It happens to the best of us (even A-list celebs): the dreaded wardrobe malfunction. You put something out there in the world that is best kept under wraps or to the confines of your private life. But, nonetheless, it is out there and needs to be dealt with. Some wardrobe malfunctions are bigger than others -- and the response will depend on just how egregious the offense happens to be. And to be clear, "oops!" isn't always the right answer.
More than any others, these three message types drive complaints. They hit spam traps. They are sent to dead accounts. They get ignored. They get deleted without opening. They're your worst-performing emails: the ones responsible for your biggest blocking and bulking problems. Unfortunately, they're also among your most important. As we review thousands of email programs and millions of messages every day, we find these three are the source of a disproportionate number of deliverability issues. The good news is that as bad as their impact can be on your email program, there are many concrete steps you can take ...
Last week, Mike May wrote a great post posing an important question: does a brand's social media content make good email marketing content? Put another way, since social media is so effective at engaging customers, should email marketers pull copy directly from their Facebook timelines or Twitter feeds and plop it into their email campaigns? Mike makes an insightful case for why this isn't a good idea, and his post sparked some thoughtful conversation in the comments about where a brand's social media and email content should and shouldn't overlap.
"We're strong on the destination, but we're weak on getting there." That quote is from Auden Schendler's "Getting Green Done: Hard Truths from the Front Lines of the Sustainability Revolution." He's talking about his experiences in greening up the ski resort industry, but his quote also describes many marketers' efforts to reach their email marketing goals.
I've written before about how email and social media are similar, in that they are both permission-based channels (or earned media) that require a similar approach to content strategy. But are email and social media similar enough to share not just a content strategy, but actual content? An increasing number of marketers have remarked to me that it would be nice if emails could automatically pull content off the brands' Facebook timelines or Twitter feeds, and auto-generate emails. It's a question worth pondering.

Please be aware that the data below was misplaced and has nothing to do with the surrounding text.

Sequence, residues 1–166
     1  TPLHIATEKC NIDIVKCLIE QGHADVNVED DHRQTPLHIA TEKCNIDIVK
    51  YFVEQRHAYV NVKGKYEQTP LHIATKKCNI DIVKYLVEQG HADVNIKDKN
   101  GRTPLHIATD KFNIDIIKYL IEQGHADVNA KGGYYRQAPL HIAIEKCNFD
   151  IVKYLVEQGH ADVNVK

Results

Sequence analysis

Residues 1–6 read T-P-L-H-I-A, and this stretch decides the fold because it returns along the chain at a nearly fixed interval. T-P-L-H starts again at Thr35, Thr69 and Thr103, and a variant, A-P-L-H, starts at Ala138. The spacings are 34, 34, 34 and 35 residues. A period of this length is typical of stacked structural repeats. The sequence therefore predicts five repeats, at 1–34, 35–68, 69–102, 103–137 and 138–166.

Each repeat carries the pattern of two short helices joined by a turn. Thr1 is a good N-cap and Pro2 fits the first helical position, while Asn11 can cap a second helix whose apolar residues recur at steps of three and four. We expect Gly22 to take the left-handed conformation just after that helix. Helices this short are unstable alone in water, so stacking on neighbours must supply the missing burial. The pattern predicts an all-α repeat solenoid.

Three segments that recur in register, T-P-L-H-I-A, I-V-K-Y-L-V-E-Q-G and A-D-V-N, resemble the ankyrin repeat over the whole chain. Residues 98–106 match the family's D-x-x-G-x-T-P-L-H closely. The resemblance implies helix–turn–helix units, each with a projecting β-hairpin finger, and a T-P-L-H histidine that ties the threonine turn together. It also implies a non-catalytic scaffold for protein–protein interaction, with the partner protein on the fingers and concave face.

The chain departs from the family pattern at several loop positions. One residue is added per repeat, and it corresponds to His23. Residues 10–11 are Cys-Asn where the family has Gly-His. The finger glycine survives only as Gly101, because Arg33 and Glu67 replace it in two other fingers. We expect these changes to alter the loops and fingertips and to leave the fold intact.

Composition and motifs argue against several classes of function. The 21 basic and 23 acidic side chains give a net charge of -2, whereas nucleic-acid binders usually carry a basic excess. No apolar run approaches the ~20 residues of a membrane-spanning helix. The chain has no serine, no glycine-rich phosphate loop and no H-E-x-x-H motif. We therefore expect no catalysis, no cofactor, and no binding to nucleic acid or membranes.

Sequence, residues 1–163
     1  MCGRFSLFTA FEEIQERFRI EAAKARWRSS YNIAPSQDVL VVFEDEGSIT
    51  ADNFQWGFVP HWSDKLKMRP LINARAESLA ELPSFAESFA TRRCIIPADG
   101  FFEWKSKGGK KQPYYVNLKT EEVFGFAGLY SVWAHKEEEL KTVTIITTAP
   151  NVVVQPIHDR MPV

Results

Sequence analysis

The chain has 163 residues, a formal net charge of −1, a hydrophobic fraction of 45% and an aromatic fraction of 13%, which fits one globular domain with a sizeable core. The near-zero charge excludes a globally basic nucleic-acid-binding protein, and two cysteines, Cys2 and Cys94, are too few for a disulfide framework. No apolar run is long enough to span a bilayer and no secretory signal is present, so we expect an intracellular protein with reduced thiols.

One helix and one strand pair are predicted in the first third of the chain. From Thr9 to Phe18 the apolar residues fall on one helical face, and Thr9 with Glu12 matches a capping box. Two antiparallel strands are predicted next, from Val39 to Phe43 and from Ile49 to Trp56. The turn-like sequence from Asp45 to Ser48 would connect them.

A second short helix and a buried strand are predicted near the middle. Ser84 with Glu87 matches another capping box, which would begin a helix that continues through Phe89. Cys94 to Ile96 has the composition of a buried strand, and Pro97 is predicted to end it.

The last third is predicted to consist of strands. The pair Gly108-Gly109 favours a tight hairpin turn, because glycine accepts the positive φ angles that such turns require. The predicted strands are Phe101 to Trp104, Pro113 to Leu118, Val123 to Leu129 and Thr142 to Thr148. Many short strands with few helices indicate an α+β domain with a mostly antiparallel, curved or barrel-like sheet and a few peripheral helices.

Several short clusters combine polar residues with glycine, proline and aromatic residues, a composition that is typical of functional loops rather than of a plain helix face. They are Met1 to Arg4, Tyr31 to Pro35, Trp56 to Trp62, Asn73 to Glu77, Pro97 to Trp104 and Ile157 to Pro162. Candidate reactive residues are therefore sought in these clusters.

Knowing how to design great mobile email is one of the cornerstones of a great mobile advertising campaign. You could be running a mobile search campaign driving people to a landing page optimized for driving sign-ups. Or you could be running signup ads on mobile apps to capture the email addresses of people who are interested in your business. No matter what type of campaign you are running, you need to design great looking mobile email if you want to extend that first point of contact into a long-term relationship. Using these simple tips, you'll be able to do just ...
What's the one thing all email marketers should know? The backbone of email marketing is HTML, yet very few email marketers understand what is possible or how to interpret it to effectively direct the implementation teams doing the work. Now, the expectation isn't that you should be able to code an HTML email from scratch, in a notepad file. -- no one expected me to run the die-cut machine at the printing press when I was in direct mail -- but you do need to understand what is going to drive your production team batty (more times than not).
Everyone hates spam, but some Big Data evangelists have been making the claim that in time marketers will be able to send unsolicited emails that are so personalized and relevant that consumers will completely forgive that they were spammed. In fact, consumers will reward the marketing sophistication of these brands by opting in to receive future emails. It's a wonderful bit of boasting that's sure to appeal to Old School direct marketers who are resentful that all the New School channels are permission-based. But it's a claim that's completely unhinged from reality, for three key reasons:
Attribution in the online space is a practice that is so overused, and so misunderstood. The very simple goal of attribution is to weight the various stimuli influencing a purchase or desired interaction to help inform how you spend your marketing dollars. The challenge with adding email to the view of attribution is that it skews all attribution models, since it has a longitudinal impact on engagement -- and doing an attribution exercise for a specific time period doesn't accurately reflect the real influence on a purchase of a stream of emails that serve different functions.
Email marketers love benchmarks. Of course, they aren't the only ones, but emailers have a special yen for the numbers because email marketing has so many ways you can use them to measure your success. So, if numbers are your thing, I have a smorgasbord of them for you.